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Navigating the Choppy Waters of Construction Defects

February 28, 2019

The commercial construction industry is a double edged sword today. The industry is growing – construction spending in the United States topped $1.23 trillion in 2017 according to research firm Statisa, but construction contractors are finding it harder to attract quality workers.

According to research from the Associated General Contractors of America (AGC), 78 percent of firms are having trouble finding qualified workers to staff the new projects they are taking on.

Another unintended byproduct of the industry’s growth is a rise in construction defect claims due, in part, to less-experienced workers being thrust into positions they are not qualified to handle. The end result is unsatisfied clients, lost revenue, construction delays, possible legal action and costly claims. It all adds up to a recipe for disaster.

What Are Construction Defects?

What is a construction defect? According to the International Risk Management Institute (IRMI), a construction defect is a deficiency in the design or construction of a building or structure resulting from a failure to design or construct in a reasonably workmanlike manner, and/or in accordance with a buyer’s reasonable expectation.

Extreme defects have the capacity to fail and can result in damage to the property or worse, physical injury and even death to people. While most defects do not result in injuries or damage they do lead to headaches, distress, disruption and additional costs to the property owner in the form of loss of use, diminution in value, and extra expenses while the defects are corrected.

A construction defect can include any defect in the design, workmanship or in the materials used on a project of any size and scope. Defects can occur on a $50 million healthcare facility project just as easily as they can on a $250,000 commercial kitchen renovation.

As a rule, the “your work” exclusion in Commercial General Liability (CGL) policies is intended to exclude poor workmanship, as this is a business risk, and cover you for the resulting property damage, as well as the work performed on your behalf by a subcontractor.

In the past with most cases, and based on a carefully scripted lawsuit, the CGL policies have defended construction companies from construction defects, and have indemnified them for the resulting property damage of construction defect claims. However, a recent court ruling threatens to change that.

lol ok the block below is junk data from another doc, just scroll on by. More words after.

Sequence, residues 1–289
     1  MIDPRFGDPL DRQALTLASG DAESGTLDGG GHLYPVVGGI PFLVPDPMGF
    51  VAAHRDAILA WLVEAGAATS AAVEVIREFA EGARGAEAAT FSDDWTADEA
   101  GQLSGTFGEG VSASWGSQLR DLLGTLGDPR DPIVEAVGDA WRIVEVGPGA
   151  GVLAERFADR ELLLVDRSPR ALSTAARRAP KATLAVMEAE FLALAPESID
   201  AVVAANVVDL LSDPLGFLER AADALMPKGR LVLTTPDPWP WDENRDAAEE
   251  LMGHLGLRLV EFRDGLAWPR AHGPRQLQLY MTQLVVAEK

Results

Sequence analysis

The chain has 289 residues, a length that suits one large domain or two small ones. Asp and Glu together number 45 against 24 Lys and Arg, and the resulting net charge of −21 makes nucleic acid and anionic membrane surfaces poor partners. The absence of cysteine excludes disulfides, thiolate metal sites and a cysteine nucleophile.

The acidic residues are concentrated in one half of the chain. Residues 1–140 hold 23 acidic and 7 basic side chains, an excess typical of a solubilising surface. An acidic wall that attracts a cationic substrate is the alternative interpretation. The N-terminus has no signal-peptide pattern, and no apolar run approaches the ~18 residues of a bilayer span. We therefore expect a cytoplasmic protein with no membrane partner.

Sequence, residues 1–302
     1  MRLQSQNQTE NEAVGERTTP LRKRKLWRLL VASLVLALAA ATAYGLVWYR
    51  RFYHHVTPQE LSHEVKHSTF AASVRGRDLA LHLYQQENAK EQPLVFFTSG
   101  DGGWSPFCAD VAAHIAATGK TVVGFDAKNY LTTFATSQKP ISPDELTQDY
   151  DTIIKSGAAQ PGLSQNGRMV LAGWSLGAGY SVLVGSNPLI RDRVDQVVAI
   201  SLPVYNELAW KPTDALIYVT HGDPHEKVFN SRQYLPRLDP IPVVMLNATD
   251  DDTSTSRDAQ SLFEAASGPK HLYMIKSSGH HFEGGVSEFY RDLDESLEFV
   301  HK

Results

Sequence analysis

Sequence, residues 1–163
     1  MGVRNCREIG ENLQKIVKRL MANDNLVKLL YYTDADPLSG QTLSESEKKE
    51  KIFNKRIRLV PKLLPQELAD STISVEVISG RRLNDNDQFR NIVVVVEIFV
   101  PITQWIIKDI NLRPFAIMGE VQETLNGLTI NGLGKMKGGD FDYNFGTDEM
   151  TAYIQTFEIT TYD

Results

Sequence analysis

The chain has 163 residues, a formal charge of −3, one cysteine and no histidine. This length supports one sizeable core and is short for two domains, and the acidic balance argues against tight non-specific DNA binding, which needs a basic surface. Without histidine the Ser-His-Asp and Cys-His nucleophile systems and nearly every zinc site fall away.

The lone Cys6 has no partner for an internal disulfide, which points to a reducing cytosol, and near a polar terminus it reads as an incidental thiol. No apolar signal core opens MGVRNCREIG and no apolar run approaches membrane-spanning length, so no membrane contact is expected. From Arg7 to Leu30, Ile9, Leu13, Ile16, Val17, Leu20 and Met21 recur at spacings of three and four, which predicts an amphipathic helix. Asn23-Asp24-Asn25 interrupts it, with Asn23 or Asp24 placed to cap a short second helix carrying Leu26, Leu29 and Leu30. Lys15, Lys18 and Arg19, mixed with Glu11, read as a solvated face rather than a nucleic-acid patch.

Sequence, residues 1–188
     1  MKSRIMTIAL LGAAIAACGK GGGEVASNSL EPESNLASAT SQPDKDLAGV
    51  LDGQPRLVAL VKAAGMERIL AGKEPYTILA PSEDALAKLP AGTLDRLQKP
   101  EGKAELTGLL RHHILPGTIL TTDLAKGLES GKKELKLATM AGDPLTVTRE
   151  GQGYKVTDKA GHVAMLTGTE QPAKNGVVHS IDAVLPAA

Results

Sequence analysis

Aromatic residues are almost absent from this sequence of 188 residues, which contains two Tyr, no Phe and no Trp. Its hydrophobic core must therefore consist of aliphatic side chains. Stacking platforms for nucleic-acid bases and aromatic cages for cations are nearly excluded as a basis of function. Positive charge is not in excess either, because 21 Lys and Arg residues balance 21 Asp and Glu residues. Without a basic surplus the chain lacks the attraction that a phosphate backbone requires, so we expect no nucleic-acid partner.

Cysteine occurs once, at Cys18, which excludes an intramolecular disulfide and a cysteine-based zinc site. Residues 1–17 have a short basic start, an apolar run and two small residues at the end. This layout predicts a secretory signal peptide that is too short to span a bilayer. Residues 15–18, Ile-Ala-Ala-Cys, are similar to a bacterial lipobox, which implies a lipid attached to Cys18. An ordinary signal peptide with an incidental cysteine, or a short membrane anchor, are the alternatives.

A Changing Legal Landscape

If the shrinking supply of skilled craftsman and laborers isn’t enough of a headache for general contractors and subcontractors, a recent ruling handed down by the Ohio Supreme Court could add to that pain.

The net effect of the case – Ohio N. Univ. v. Charles Constr. Servs. Inc.  – is that construction company owners, general contractors, construction managers and subcontractors can no longer rely on their commercial general liability (CGL) policies to provide defense or indemnity for claims arising from construction defects.

The timing of this ruling makes it a fluid situation for all involved, and Ohio is not the only state to take this type of action.

The recent endorsements some contractors have added on to their policies address work performed on your behalf by a subcontractor, but not for self-performed work (Note: a few policies do address the self-performed work issue).

For contractors with self-performed work, this is a potentially difficult situation. Relying solely on your CGL policy to defend your company in a construction defect claim is risky.  As mentioned earlier, in the past you might have had coverage to defend yourself from construction defect claims because of the resulting property damage allegations, but that might no longer be the case as a result of this court decision.

For General Contractors and Construction Managers

  • Discuss with your attorney (one that is well-versed in construction law) and consider adding language in your subcontract agreements requiring subcontractors to carry Errors & Omissions with the “rip & tear” type coverage.

For Contractors That Self-Perform Work

  • Consider adding Contractors Errors & Omissions coverage to protect against claims for alleged faulty workmanship, design errors or omissions, and the use of defective materials.
  • Have an attorney review your contracts to make sure the language is current and offers you protection.

The Oswald Solution

When it comes to insurance protection, general contractors and subcontractors need to take a closer look at their coverages and contracts. Oswald has a suite of coverage options available and will guide you through them and tailor a unique solution that offers your business the protection it needs.

Brian Hoagland, CPCU, CRM, CIC
Vice President

Note: This communication is for informational purposes only. Although every reasonable effort is made to present current and accurate information, Oswald makes no guarantees of any kind and cannot be held liable for any outdated or incorrect information. View our communications policy.